BBC staff can expect a warm welcome up the Mancunian Way

With a BBC exodus from London to Manchester imminent, Ciar Byrne explores what awaits them

A young woman from the south finds herself transported to a grim northern town and learns to love the strange city and its inhabitants. The BBC's adaptation of Elizabeth Gaskell's North and South reached its romantic conclusion just two days before Mark Thompson announced that 1,800 employees in children's television, sport, Radio Five Live, new media, research and development and learning must decide whether to move to Manchester or lose their jobs. Was there a subliminal message in the costume drama for those in the affected departments?

Staff, who have been given just 18 months to make the life-changing decision, are understandably concerned. As one employee in BBC Sport who has spent most of his working life in London says: "It's not that it's Manchester. It's just that it's potentially a colossal upheaval. My family and all my friends are down here. It means huge change, and for what?"

Peter Salmon, the BBC's director of sport, who is heading up the strategy, explains: "We're not just looking at Manchester, but the whole of the north. It feels like the north is much more joined up as a media region than it once was. We want to build a honey pot centred on Manchester, where there's already a tradition of journalism and drama and current affairs."

As well as being ideally placed in the middle of the UK, it is Manchester's broadcasting heritage that has won it the status of the BBC's second city. "There's a tradition of programme-making from Coronation Street to Cold Feet, via World in Action, and Mrs Merton," says Salmon, who used to work for Granada, where most of these programmes were made.

Visiting BBC Manchester's shabby headquarters on Oxford Road, one of the main thoroughfares into the city centre, it is difficult to share Thompson's vision of a thrusting media hub of the future. But talks with the city council and regional development agencies about building a new broadcast centre are well under way - the entire cost of the move is estimated at £500m - and those already who already work for BBC Manchester are evangelical.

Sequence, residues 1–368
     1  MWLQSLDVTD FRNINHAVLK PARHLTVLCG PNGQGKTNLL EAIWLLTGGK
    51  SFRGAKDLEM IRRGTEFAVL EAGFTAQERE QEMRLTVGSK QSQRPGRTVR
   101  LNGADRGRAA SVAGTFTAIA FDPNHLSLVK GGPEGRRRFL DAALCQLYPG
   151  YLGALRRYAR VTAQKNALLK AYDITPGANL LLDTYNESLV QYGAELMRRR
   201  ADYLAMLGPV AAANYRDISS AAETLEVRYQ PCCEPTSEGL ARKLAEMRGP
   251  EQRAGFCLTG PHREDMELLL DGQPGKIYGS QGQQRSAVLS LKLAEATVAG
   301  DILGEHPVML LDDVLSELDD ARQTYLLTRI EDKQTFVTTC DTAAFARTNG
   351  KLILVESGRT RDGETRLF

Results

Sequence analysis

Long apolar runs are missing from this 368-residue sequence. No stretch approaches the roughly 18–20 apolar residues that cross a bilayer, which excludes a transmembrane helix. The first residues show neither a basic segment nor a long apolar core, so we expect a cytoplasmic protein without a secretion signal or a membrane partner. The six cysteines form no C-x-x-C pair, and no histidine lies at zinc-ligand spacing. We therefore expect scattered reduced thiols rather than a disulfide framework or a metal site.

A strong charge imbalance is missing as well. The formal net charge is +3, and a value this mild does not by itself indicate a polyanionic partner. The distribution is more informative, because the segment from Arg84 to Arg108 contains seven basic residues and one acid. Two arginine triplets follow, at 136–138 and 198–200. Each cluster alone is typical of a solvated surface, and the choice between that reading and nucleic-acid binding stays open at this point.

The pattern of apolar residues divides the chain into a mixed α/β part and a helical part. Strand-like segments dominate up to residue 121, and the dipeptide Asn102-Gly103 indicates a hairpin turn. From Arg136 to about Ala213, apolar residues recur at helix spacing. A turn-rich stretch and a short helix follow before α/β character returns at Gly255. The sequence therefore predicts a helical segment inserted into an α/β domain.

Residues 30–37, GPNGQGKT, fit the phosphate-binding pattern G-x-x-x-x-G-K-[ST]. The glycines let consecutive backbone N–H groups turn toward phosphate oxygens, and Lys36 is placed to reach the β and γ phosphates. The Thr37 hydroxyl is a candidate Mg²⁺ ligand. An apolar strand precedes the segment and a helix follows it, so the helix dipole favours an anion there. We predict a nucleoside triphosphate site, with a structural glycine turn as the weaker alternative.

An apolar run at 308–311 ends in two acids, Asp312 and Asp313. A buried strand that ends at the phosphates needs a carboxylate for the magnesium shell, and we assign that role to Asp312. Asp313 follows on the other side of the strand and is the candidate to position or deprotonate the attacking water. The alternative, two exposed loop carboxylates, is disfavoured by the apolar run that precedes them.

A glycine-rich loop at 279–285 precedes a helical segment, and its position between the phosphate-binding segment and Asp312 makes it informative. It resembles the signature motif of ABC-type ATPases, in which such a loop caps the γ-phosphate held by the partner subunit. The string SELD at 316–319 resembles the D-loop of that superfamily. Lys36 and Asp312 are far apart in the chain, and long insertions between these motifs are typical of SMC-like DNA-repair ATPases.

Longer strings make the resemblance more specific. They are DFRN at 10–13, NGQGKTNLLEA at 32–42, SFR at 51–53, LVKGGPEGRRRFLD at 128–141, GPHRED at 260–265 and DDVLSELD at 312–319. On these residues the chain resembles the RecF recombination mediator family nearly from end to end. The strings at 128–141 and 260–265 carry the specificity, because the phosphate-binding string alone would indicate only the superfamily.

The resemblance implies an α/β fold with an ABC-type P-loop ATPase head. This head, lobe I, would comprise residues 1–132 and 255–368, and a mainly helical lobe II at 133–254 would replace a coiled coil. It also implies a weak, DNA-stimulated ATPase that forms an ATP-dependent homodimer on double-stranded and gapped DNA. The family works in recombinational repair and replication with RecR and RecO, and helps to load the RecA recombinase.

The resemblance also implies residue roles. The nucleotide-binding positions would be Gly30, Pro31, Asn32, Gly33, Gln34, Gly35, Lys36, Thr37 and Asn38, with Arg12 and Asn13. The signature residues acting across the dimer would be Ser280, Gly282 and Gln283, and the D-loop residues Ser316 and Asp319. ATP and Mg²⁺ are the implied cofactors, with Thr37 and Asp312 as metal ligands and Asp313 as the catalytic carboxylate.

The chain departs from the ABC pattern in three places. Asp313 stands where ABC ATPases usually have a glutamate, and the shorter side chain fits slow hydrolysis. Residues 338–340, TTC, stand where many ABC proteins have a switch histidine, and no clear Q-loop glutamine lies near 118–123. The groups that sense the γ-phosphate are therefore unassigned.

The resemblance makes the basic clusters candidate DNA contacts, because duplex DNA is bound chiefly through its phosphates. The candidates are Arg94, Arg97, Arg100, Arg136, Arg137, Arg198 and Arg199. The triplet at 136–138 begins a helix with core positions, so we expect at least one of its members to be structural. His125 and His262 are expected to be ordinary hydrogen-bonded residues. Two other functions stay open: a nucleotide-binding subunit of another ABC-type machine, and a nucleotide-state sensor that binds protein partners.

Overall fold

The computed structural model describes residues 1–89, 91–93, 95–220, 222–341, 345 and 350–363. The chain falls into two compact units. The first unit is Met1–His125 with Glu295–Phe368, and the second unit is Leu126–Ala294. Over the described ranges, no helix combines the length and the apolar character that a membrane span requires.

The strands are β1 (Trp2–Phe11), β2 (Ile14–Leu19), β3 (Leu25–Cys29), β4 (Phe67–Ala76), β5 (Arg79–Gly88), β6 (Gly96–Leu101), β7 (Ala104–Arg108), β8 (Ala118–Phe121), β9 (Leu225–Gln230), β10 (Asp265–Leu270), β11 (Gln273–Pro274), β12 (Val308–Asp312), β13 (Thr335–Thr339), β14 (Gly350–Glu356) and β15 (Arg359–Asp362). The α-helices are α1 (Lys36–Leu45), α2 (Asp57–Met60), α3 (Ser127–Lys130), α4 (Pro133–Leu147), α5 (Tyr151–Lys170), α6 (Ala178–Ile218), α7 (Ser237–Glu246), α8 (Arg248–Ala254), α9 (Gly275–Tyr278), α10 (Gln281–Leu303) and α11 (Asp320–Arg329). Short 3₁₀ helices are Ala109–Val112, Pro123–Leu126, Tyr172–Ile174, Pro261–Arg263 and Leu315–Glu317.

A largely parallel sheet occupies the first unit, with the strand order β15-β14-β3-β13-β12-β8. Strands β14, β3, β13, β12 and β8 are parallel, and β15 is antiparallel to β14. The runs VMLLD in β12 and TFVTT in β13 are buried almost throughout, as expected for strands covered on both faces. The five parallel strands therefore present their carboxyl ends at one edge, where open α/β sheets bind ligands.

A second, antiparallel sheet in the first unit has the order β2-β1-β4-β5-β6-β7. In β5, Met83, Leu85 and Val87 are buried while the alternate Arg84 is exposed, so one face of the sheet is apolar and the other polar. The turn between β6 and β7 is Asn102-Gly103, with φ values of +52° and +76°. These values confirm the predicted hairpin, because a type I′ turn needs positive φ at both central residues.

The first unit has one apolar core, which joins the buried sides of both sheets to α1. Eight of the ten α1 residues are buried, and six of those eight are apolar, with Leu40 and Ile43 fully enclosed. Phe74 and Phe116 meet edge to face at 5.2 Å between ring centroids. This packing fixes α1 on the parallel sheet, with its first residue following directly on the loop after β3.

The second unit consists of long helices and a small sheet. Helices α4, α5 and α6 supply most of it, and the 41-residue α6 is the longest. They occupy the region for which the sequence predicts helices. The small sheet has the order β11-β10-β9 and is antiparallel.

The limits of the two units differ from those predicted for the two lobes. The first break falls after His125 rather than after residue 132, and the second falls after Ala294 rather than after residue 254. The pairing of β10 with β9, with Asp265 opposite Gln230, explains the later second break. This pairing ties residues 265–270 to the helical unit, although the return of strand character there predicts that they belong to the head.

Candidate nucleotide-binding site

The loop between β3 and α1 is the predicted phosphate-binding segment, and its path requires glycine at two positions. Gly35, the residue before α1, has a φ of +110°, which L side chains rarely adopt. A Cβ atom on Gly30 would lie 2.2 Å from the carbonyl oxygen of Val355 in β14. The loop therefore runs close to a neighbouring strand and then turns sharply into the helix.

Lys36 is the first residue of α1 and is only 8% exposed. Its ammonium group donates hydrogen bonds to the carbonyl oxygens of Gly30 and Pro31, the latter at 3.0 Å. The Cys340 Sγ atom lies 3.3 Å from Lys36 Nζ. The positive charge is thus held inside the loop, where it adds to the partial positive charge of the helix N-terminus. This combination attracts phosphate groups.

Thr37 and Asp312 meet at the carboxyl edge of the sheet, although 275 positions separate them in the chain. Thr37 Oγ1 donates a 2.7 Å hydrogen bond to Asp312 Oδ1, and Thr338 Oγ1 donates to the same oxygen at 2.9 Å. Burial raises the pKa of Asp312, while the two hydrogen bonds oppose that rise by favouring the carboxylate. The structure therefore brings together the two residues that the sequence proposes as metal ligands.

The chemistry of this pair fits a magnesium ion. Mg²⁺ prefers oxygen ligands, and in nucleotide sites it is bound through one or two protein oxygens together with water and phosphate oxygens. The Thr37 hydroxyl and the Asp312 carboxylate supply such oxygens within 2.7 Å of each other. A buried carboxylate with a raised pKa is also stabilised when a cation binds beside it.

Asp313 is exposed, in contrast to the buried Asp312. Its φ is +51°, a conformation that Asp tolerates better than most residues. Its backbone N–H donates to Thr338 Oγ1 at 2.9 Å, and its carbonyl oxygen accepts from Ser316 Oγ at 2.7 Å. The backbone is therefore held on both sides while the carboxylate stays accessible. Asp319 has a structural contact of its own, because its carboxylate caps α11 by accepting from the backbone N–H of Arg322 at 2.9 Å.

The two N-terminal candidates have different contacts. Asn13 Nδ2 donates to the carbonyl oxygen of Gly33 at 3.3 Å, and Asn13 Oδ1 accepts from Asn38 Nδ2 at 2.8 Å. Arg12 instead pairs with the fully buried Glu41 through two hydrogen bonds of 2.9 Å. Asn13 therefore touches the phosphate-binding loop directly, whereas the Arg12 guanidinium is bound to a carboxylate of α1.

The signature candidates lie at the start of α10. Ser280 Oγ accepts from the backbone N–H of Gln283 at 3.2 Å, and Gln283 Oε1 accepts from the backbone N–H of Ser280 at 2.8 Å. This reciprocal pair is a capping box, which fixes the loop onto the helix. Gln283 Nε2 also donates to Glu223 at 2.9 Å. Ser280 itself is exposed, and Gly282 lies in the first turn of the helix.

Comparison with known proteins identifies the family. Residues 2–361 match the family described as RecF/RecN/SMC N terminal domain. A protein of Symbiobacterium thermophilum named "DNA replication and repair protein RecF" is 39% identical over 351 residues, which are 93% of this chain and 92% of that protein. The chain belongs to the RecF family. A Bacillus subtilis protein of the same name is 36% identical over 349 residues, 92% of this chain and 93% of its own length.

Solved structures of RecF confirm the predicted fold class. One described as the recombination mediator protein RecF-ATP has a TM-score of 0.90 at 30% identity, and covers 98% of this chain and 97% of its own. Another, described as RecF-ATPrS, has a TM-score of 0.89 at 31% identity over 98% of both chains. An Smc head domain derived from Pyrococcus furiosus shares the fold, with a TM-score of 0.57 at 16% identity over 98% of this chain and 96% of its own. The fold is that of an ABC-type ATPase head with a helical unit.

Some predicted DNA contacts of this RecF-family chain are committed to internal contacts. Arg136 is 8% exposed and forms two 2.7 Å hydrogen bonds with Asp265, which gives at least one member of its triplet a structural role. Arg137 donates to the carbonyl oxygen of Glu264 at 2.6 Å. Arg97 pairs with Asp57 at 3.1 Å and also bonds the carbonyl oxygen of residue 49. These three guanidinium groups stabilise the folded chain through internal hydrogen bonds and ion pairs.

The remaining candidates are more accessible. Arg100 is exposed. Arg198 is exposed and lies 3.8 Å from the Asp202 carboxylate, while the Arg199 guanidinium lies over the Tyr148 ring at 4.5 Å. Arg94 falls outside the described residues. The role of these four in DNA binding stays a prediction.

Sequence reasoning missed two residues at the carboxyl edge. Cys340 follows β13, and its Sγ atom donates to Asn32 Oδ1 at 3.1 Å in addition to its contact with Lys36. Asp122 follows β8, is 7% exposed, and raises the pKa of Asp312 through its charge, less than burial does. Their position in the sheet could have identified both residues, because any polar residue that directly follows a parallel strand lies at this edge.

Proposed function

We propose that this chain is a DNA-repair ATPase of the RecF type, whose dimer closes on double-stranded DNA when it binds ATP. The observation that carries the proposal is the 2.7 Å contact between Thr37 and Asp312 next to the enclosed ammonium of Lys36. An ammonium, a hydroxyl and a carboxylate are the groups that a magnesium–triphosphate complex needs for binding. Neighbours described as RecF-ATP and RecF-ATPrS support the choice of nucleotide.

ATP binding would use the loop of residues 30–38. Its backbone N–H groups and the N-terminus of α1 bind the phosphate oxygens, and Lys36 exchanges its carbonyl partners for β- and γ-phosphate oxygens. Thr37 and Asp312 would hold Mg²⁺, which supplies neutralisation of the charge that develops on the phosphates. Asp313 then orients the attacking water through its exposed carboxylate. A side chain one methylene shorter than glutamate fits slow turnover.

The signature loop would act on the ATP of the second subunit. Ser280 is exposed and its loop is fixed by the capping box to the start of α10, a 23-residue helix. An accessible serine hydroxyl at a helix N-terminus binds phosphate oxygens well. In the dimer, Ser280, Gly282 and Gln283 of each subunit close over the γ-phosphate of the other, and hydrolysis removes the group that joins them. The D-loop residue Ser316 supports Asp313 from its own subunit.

"In Manchester there's huge potential to develop a major centre," says Ruth Pitt, creative director of documentaries, religion and ethics. "It's a good choice geographically because it's in the centre of the British Isles. And culturally it's got a very young profile, a huge student population."

Alan Bookbinder, the head of the BBC's religion department, which moved up to Manchester a decade ago, believes it is vital to achieve a "critical mass of talent". "We need more people coming into television who think of the north as a place to make their lives and careers. The gravitational force to London is huge and we need another gravitational force that keeps people here."

Bookbinder believes that the experience of the religion department provides a valuable lesson for the move to come. "There was for a while a creative loss. A lot of people jumped ship and it took quite a while for the department to rebuild itself. That's unlikely to happen this time, because it's on a much bigger scale and people are going to see the BBC really means it.

"A lot of people who have come here have found huge personal benefits - quality of life, housing, schools, environment. There are lots of things about living up here that are much better than London."

The hope is that the BBC's commitment to Manchester will foster a vibrant independent production sector. At present there is only a handful of successful indies in the city, notably the drama production company Red, run by Nicola Shindler, whose credits include Queer as Folk, Clocking Off and The Second Coming. "There will be a stronger, bigger workforce and a bigger pool of people to work for. Hopefully it will mean more talent stays up here," says Andrew Crutchley, Red's managing director.

The current edition of the BBC's in-house journal Ariel devotes its centre spread to workers who have already made the transition to Manchester. Nick Holden, a researcher who moved up from London 10 years ago, admits he was surprised to find that vegetarian food in M&S was labelled "vegetable accompaniments" and that people dressed up to go shopping at the weekend.

These days, with a revamped city centre boasting branches of Harvey Nichols and Selfridges, Mancunians remain as fashion conscious as ever, but BBC staff pondering the move should rest assured that vegetarians are now catered for.

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